This is not an isolated event. Over the past few months, students opposing the government’s proposed cuts to higher education and rising fees have met with numerous police officers. Police have shut down protests, issued tens of thousands of dollars in fines, often breaking up protests by force. Further, the NSW police commissioner has consistently challenged Authorization of the Black Lives Matter protest in court.

At the same time, the state government has allowed thousands of people to return to shopping malls and beaches, and tens of thousands back to soccer stadiums. Outdoor protests carry a much lower risk of community transmission than large indoor gatherings (say, such as the Liberal party that was recently released. Annual General Meeting in South Australia). Despite claims by the NSW police commissioner, no community transmission has been linked to the Black Lives Matter protests in Victoria. When we return to the sort of normal state before the pandemic, governments have prioritized trade over our right to dissent.

The way Australians embrace social distancing to protect the health of their most vulnerable during this pandemic is extraordinary. But we haven’t had any meaningful national conversations about restoring our full right to protest and free speech as we leave isolation.

The media have an important role to play in this conversation. Despite public outrage (both “NSW Police” and “University of Sydney” trending on Wednesday as the police action video went viral) these protests barely covered major newspapers. It’s just because student journalists are able to record videos about the excessive police force on Wednesday and that a staff member was targeted that it was news at all. In particular, right-wing commentators who have previously expressed concern over threats to “free speech” or alleged Chinese influence in Australian universities have been quiet. Students feel alone in trying to have their voices heard.

The obvious fact is that continuing to target protesters will only strengthen the determination of the students. Organizers have promised to meet the increased use of police force with increased measures. The size of the protests has doubled in recent weeks and is starting to increase block traffic. Urgent, the protests at the start of the year were still small, social distancing and safe COVID-19. First, students divide themselves into small groups of less than 20 people to comply with the Public Health Command. It’s also scattered. The police stated that although these groups were physically separated, they were rounded up for “common purposes” and therefore violated orders.

In one very absurd moment, the police announced that students who sit in the courtyard for lunch can stay, but if they are there to protest the cutbacks in education, they should leave. The organizers have realized the only way for them to move forward is to put in a literal effort to outrun the police, making social distancing nearly impossible.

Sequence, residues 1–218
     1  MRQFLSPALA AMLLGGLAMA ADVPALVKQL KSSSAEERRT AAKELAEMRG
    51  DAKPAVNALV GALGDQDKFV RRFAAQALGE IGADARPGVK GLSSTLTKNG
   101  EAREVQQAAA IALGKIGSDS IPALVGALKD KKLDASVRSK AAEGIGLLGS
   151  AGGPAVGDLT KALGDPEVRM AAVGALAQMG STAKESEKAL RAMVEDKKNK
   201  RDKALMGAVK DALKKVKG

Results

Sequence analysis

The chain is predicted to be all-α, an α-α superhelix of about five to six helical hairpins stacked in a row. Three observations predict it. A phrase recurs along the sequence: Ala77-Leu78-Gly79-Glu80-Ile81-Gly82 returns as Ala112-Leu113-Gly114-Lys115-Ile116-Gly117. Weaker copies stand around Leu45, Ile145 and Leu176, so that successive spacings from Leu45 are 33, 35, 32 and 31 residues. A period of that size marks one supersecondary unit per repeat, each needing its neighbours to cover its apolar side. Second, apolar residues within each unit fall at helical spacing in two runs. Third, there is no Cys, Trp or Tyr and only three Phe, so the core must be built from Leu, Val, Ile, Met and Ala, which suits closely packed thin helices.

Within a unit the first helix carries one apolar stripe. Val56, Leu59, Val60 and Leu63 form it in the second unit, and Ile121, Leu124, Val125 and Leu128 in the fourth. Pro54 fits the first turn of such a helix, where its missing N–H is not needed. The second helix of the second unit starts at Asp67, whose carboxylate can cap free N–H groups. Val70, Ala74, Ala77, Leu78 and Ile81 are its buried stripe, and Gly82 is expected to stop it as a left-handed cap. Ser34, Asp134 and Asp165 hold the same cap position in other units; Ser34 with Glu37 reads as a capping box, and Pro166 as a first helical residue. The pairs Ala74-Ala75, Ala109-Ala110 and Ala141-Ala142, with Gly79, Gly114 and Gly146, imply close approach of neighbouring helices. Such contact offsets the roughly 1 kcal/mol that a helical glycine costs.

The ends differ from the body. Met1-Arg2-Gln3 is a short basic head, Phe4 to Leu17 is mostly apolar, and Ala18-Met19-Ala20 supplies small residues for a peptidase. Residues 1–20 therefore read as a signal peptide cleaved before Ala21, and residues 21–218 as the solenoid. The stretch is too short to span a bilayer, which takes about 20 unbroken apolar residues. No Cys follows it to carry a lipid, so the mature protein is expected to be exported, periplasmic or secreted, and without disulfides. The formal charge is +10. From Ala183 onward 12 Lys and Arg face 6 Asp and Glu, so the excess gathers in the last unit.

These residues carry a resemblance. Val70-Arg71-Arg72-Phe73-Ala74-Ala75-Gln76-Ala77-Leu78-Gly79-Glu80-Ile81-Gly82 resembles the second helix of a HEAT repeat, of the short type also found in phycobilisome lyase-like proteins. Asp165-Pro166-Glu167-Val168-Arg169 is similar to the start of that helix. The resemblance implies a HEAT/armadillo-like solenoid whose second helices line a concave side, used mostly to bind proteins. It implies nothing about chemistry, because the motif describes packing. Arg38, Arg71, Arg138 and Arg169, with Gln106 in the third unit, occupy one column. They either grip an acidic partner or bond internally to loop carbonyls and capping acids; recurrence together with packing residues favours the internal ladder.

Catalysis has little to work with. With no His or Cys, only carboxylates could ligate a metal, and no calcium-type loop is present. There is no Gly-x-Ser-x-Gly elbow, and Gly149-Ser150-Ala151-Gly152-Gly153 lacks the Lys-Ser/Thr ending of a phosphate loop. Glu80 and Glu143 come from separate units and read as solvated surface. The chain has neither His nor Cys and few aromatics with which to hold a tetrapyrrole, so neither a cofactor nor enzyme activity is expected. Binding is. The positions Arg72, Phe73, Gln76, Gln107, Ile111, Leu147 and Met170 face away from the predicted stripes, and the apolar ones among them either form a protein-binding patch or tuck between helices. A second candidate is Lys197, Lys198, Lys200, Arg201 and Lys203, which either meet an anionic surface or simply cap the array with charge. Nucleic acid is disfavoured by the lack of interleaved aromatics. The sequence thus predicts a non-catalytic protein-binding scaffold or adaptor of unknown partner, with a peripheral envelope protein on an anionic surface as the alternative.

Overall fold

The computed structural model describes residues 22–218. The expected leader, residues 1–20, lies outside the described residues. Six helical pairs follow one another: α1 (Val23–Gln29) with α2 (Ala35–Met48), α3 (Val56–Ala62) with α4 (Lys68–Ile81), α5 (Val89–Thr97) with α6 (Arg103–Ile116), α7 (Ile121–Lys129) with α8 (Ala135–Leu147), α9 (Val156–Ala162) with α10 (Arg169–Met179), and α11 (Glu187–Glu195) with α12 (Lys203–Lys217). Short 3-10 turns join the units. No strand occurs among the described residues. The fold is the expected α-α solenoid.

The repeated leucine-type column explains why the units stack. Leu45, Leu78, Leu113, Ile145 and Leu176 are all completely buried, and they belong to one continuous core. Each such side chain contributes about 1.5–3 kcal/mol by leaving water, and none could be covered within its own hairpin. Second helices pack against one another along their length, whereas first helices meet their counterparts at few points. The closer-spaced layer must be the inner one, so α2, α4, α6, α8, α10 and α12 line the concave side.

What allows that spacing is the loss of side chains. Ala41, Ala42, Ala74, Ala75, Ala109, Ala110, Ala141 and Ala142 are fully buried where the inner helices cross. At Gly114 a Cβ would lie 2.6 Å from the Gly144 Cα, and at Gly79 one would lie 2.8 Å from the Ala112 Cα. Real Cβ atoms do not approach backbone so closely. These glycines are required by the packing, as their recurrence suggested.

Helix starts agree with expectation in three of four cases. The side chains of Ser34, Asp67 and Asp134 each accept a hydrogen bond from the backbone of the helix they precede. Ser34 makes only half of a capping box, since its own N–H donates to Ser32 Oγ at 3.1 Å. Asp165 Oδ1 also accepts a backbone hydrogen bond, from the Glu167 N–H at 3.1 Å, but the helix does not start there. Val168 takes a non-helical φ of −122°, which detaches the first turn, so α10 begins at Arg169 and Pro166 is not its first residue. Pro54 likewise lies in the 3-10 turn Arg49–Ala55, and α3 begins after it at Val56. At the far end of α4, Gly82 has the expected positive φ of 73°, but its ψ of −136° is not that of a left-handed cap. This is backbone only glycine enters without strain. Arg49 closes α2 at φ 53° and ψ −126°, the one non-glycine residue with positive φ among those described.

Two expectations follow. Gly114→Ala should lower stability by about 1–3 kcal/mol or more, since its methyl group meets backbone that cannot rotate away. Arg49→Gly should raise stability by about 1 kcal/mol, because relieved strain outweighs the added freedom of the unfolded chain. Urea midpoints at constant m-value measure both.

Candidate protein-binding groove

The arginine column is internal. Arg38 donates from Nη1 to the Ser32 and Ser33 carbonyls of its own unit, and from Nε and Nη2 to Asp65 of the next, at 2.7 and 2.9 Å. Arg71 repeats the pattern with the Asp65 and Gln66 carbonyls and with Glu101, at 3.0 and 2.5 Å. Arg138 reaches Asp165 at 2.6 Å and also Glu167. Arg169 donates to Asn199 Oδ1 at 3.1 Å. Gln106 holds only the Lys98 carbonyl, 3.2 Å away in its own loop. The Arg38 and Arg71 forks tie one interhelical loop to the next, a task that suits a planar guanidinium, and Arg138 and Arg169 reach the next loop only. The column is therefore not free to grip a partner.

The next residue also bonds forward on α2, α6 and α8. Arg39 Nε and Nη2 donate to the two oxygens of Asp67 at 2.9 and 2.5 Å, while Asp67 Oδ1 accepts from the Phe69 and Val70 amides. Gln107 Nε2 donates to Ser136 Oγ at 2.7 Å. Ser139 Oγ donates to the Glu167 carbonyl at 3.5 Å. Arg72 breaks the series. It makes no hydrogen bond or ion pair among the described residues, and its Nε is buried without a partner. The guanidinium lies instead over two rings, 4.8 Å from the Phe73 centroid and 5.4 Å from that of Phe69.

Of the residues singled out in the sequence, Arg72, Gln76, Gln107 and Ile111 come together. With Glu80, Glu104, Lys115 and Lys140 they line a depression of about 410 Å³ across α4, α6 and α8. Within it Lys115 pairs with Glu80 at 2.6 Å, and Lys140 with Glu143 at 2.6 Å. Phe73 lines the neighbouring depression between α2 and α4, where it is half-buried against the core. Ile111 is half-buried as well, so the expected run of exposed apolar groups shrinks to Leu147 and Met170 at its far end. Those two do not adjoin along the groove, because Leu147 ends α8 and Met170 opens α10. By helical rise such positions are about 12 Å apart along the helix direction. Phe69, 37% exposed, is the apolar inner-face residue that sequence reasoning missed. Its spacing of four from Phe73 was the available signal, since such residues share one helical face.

There is a good reason why students are so excited about this protest. Changes in government will see costs multiple multiple arts degrees and the degree of law, business and commerce increased by about a third. This will stop a lot of students worse background from considering college altogether, and graduates will enter the job market in a recession saddled with even greater debt.

Although the government provides pleasantries to increasing opportunities in STEM courses, it is also working to cut government funding for universities in all disciplines. Australia’s university sector has been among the hardest hit by Covid, with thousands of staff laid off from their jobs this year after the government refuses to extend the jobkeeper to a public university. Young people, who have disproportionately losing their already dangerous job During the pandemic and facing further cuts in youth benefits, they are angry that they are now being forced to pay more for poor quality education by politicians who enter university for free.

As a community, we have given up so much to ensure we tackle the pandemic. But this cannot be a permanent affair. Sad fact now that the police are now a common sight on our campus. At any time, the NSW government can choose to end this by freeing the protests as they did for university classes and football stadiums. But if this protest has taught us anything, it will not be given to us so easily. We have to fight for it. Nothing less than our fundamental freedom is at stake.

Nina Dillon Britton is a law student at the University of Sydney and the campus newspaper editor Honi Soit. He has covered the recent protests for the newspaper